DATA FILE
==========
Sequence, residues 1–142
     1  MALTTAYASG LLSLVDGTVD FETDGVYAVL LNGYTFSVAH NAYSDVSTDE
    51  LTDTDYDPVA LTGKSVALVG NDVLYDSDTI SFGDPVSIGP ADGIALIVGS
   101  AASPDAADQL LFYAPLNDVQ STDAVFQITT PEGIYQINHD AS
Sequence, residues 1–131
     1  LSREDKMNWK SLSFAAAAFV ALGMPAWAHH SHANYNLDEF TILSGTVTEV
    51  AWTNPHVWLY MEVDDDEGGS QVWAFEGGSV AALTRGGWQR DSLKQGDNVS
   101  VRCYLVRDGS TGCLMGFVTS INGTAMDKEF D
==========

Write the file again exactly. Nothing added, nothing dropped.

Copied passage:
Sequence, residues 1–142
     1  MALTTAYASG LLSLVDGTVD FETDGVYAVL LNGYTFSVAH NAYSDVSTDE
    51  LTDTDYDPVA LTGKSVALVG NDVLYDSDTI SFGDPVSIGP ADGIALIVGS
   101  AASPDAADQL LFYAPLNDVQ STDAVFQITT PEGIYQINHD AS
Sequence, residues 1–131
     1  LSREDKMNWK SLSFAAAAFV ALGMPAWAHH SHANYNLDEF TILSGTVTEV
    51  AWTNPHVWLY MEVDDDEGGS QVWAFEGGSV AALTRGGWQR DSLKQGDNVS
   101  VRCYLVRDGS TGCLMGFVTS INGTAMDKEF D